Noem signs $7.4 billion budget

March 21, 2023

PIERRE, S.D.–Gov. Kristi Noem signed the state’s fiscal year 2024 budget into law Monday, providing for increased funding to the “Big Three” state obligations and 100% tuition coverage for National Guard members, among other funding decisions.

Makenzie Huber with South Dakota Searchlight ( reports Noem had made veiled threats in recent weeks to veto the budget because legislators chose to pursue a different tax cut than the one she promised South Dakota voters during her reelection campaign. The Legislature adopted a temporary reduction in the overall state sales tax rate, rather than Noem’s proposed repeal of the state sales tax on food.

In a letter to legislators about her approval of the budget, Noem did not mention the sales-tax reduction bill, which she still has under consideration with less than a week until legislators return to Pierre for consideration of her vetoes.

But Noem’s letter did express skepticism about the sustainability of the spending levels that legislators adopted.

Noem’s recommended budget would have increased funding for the “Big Three” — education, state employees and Medicaid providers — by 5% for education and state employees, while increasing reimbursement rates for some Medicaid providers to 90% of their costs.

Instead, legislators increased funding by 7% for education and state employees, and set a 100% reimbursement rate for community support providers that heavily rely on government funding, such as nursing homes. Other Medicaid providers, such as hospitals, are set to receive a 5% increase.

“I’ve put significantly more funding into our reserves in recent years,” Noem said in her letter. “Only time will tell if it was a wise decision to spend these additional dollars.”

The budget for the 2024 fiscal year includes $7.4 billion in total spending, up 8.8% from the last legislative session’s fiscal year 2023 budget.

Noem added that the staggered increases in funding for the “Big Three” – rather than what she described as “a tradition of funding equal inflationary increases” – set a “bad precedent” because one or more of the groups could be “left behind” in future budgets.

The budget also:

Provides 100% tuition assistance for National Guard members to attend technical colleges and public universities.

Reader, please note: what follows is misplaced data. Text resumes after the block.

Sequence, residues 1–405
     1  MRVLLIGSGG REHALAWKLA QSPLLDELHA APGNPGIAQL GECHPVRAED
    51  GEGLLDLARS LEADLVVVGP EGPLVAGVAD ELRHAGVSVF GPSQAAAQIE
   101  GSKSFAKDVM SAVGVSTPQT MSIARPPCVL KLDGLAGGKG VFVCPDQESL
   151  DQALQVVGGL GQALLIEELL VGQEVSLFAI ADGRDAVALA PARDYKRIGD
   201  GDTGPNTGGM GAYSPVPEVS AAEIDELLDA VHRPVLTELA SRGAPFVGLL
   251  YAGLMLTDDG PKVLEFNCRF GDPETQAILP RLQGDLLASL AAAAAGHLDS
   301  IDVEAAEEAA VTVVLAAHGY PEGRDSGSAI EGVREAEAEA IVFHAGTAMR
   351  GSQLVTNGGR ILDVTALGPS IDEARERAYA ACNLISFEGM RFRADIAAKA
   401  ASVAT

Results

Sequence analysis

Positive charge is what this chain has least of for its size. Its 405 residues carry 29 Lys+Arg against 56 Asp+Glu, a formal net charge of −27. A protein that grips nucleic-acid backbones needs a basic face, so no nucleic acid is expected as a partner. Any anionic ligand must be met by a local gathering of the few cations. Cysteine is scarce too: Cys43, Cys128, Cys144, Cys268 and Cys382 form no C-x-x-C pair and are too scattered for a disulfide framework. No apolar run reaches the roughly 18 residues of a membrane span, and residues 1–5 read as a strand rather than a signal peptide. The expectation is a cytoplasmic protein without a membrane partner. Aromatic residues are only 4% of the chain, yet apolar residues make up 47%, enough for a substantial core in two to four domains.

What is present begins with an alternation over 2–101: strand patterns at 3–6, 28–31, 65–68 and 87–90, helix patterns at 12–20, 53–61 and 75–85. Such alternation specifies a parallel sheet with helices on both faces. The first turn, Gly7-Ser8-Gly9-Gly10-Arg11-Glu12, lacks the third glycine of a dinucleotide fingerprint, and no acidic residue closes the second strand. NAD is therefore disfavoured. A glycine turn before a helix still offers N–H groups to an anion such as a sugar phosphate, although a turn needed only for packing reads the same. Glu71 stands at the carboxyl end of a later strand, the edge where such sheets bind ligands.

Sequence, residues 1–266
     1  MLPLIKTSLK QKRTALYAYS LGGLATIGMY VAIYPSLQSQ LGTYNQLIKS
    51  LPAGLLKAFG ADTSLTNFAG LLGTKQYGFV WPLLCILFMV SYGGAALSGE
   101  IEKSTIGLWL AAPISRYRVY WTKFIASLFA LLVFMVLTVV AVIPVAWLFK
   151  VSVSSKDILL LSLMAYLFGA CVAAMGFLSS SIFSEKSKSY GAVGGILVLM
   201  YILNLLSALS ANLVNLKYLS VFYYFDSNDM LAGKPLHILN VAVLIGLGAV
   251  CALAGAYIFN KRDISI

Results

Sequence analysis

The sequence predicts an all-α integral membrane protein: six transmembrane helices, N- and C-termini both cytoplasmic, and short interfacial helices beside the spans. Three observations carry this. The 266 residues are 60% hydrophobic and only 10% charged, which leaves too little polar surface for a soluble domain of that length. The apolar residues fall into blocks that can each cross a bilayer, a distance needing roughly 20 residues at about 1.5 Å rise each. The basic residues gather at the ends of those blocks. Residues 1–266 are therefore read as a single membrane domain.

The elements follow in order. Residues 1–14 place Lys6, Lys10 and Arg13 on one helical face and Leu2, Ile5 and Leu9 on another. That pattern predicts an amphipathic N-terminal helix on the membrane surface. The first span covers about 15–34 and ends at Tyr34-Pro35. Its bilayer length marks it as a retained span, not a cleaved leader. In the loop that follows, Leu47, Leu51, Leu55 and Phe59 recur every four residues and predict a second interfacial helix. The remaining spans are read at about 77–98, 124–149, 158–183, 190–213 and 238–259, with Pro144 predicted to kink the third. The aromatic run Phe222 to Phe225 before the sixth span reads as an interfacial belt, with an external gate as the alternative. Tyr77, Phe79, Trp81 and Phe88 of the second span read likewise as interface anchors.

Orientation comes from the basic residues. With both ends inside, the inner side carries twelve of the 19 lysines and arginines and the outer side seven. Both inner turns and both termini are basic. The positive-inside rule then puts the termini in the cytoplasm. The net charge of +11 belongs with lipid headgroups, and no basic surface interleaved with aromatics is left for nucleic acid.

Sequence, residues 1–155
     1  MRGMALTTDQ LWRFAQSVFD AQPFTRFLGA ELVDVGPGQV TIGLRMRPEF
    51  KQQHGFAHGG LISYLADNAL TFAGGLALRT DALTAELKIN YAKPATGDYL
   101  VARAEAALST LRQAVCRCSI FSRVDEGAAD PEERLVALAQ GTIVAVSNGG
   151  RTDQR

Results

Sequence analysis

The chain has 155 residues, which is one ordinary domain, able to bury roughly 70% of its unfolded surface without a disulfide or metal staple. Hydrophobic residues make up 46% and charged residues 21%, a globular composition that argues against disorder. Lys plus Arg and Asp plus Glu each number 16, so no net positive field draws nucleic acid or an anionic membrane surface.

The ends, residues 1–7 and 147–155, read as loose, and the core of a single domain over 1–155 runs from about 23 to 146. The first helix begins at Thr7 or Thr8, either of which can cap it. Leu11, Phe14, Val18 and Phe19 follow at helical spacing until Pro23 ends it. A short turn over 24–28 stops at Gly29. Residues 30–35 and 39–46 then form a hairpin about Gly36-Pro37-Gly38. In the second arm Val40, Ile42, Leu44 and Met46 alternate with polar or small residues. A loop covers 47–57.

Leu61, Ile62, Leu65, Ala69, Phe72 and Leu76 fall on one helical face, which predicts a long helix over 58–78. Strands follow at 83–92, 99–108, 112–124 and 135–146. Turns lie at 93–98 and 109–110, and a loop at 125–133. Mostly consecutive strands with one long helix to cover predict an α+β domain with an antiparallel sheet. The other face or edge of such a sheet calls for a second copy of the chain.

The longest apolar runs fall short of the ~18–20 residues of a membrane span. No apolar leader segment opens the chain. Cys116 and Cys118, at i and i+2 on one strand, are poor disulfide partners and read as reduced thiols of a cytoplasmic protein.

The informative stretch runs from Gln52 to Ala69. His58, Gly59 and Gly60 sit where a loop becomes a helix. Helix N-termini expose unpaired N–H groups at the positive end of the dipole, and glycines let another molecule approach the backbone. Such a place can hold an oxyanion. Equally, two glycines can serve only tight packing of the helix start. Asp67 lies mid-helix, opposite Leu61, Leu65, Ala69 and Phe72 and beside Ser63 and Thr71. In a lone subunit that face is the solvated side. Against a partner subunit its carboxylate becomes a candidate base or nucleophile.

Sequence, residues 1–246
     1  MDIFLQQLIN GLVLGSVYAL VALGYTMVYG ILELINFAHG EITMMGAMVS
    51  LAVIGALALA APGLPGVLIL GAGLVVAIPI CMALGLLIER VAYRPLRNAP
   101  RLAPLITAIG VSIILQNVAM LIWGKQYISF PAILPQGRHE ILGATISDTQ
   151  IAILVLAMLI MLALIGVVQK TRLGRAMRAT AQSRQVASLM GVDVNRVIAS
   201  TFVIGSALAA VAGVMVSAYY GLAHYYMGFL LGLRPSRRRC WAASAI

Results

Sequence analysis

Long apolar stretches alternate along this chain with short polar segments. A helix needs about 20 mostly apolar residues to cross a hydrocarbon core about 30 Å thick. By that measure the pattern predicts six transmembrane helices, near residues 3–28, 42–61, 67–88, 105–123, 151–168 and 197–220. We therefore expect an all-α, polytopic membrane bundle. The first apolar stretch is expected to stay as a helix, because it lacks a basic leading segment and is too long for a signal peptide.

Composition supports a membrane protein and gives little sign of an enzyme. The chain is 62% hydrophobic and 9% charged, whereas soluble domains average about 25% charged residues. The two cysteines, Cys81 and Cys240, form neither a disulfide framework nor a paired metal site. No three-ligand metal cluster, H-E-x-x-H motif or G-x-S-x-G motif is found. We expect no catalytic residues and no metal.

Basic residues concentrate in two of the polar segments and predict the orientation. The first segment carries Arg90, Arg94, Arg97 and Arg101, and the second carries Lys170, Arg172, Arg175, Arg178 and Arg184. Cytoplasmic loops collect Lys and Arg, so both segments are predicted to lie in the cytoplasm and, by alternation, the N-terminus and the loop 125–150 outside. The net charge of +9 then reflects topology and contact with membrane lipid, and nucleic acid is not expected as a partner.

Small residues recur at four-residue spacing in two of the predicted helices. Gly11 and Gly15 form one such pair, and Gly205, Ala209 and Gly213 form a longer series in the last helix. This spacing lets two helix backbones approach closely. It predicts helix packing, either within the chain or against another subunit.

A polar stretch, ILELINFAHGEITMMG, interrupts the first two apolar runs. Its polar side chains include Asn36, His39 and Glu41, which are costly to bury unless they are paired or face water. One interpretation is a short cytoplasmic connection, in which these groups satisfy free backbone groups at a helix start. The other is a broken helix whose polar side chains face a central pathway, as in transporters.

Freezes tuition at South Dakota public universities and technical colleges.
Allocates $11.4 million for future Medicaid expansion costs.

“I appreciate the Legislature for recognizing that it should fund my administration’s priorities to maximize freedom and liberty for the people of the state,” Noem said in a written statement.

While the Legislature did pass some of Noem’s budget recommendations, lawmakers did not support much of Noem’s “Stronger Families” initiative, which unsuccessfully proposed creating a 100% paid family leave program for state employees that private businesses could also buy into, creating scholarship vouchers for children in foster care, and eliminating the state sales tax on groceries.

Legislators passed instead an overall reduction in state sales taxes from 4.5% to 4.2% with a sunset date in 2027. In response, Noem repeatedly threatened to withhold support for the budget, without using the word “veto.”

“I still believe that the best budget option for our state’s future is the one that I presented in December, including the elimination of the sales tax on groceries,” Noem wrote in a press release earlier this month. “And in the coming weeks, I will have to decide whether the budget that has been presented to me is worthy of my signature.”

When asked what Noem’s signature on the budget means for the tax cut bill, spokesman Ian Fury told South Dakota Searchlight that Noem’s letter “speaks for itself.”